For the shop I worked in, only good quality items were sold, so more often than not, the basic brands that would be sold for £1/2, weren't in good enough condition, it was more the high end stuff that held shape/didn't look faded.

The pricing structure does vary by area, as some will support higher prices than others.

If you were being charged £8 for a mens shirt, then either that was a higher end brand and you didn't realise, or it was in an area where it's been proved the local customers are happy to pay a bit more.

WaterSheep Sun 08-Sep-19 19:07:14

And no, I won't name the charity

I'm guessing either Cancer research or British Heart, both of ours are half full of extortionately priced new goods.

PandaPantaloon Sun 08-Sep-19 19:09:05

I'm in Ireland and my local charity shop has all kids clothes for €1 and often have 3 for 2. Adult clothes are generally under €5. Recently I got 2 nice biker jackets for a grand total of €6.

OtraCosaMariposa Sun 08-Sep-19 19:10:29

I'm a charity shop volunteer. We get this "oh it's too expensive" thread at least four times a year!

Most of the charity shops which are part of a larger trend have endless management information provided by computerised tills. Our manager gets sales broken down by category and then can compare that against last month, last year, other shops of a similar size. He gets information about average selling price per item, how much we're turning over per square foot and goodness knows what else. If we weren't selling anything, he'd be out on his ear.

But on the other hand, we have to try to maximise income for our charity but that doesn't mean it's free to sell. Someone has to sort it, clean it, steam it if it's clothes, stick it on a hanger, process it through the till. And 75% of the donations never make it on the shop floor as they're only fit for the bin. So if we have a teapot which is worth a bit (and we check on the internet sold prices, we're not daft) and are debating whether to stick it out at £20 or £15, we'll try the higher price first. Because if it doesn't sell at £20, we can reduce it to £10. If a donor is generous enough to give us something which is worth £50, we would not be doing our job properly if we stuck it out at £2.

Mistakes do happen though and we have one very erratic volunteer who has a, shall we say, unique approach to pricing. We do try to steer her towards other jobs but she still does stuff like pricing a George at Asfda t-shirt for £10 and a silk blouse from Hobbs for a quid.

DownstairsMixUp Sun 08-Sep-19 19:11:36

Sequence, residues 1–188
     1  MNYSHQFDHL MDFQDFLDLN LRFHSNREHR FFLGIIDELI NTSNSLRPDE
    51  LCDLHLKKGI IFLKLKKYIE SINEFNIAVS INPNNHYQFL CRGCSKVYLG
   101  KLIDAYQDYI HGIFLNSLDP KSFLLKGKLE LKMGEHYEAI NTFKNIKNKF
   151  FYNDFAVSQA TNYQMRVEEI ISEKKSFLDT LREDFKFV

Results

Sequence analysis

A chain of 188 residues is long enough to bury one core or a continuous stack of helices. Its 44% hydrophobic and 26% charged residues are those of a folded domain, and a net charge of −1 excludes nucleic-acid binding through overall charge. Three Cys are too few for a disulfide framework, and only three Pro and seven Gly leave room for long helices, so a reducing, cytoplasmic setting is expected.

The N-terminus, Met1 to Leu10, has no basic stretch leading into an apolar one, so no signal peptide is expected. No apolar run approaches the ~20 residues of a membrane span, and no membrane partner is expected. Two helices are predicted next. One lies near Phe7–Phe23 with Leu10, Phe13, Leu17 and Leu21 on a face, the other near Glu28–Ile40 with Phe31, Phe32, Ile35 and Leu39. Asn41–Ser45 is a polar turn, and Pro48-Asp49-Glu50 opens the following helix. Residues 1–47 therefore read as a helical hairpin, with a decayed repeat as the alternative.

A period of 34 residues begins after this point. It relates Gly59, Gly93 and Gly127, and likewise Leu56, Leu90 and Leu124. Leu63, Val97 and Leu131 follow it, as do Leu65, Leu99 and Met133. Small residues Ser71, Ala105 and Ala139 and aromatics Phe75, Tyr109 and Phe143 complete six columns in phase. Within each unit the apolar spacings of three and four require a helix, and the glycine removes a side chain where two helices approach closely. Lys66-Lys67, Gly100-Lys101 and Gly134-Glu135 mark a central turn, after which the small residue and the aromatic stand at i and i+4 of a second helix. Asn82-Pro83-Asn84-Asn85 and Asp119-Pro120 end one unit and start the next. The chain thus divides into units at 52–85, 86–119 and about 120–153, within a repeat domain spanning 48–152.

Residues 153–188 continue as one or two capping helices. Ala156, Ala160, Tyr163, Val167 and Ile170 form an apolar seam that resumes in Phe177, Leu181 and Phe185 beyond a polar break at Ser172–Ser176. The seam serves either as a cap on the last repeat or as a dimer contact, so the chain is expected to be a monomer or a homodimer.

I agree. I live in a seaside town (not a busy one like Brighton or Southend on sea) so the high st is full of charity shops. The stock stays the same forever as it's over priced! There's one that's had the same display since Xmas and I know this as the only difference now is the maniquins don't have the tinsel round them and the fairy lights are gone, other than that, same display! Primark clothes being sold for more than they would be brand new in the shop!

HeadsDownThumbsUpEveryone Sun 08-Sep-19 19:13:22

and we check on the internet sold prices, we're not daft)

I hate this theory. By all means check it on sites like Ebay to see if it is worth more than a normal teapot. But for the love of god can charity shops please remember that Ebay has millions of buyers all over the world and your shop is limited to the footfall in your town.

Just because it sold on Ebay for £20 doesn't mean someone in a small town is willing to pay the same amount!

WaterSheep Sun 08-Sep-19 19:14:14

So if we have a teapot which is worth a bit (and we check on the internet sold prices, we're not daft) and are debating whether to stick it out at £20 or £15

If you work for a large chain they usually have an Ebay store. I understand wanting to make the most for an item, but if an item has value widen the target market and put it online. Very few people will be looking to pay £20 for a teapot in a charity shop.

funnyfeeling Sun 08-Sep-19 19:14:49

Most in our city centre are verging on too expensive but there are now 3 that sell all clothing items for £1. I was speaking to someone that works in one and she was saying that because of the price and the quick turnover of stock their profits are through the roof.

Blackcountrychik83 Sun 08-Sep-19 19:15:15

This year especially I'm finding charity shops are outpricing themselves. A lot of the time you see them on ebay pricing items then they will mark them up for a similar price. Normal high street folk are not gonna pay it. We have one on our high st doing 5 books for £1, 5 items of kids clothes for £1, it gets the custom is, whereas some now are getting ridiculous.

supersop60 Sun 08-Sep-19 19:15:36

Oxfam near me has started a books-only shop. Even the tatty paperbacks are £2.99. Ridiculous. They're cheaper on Amazon.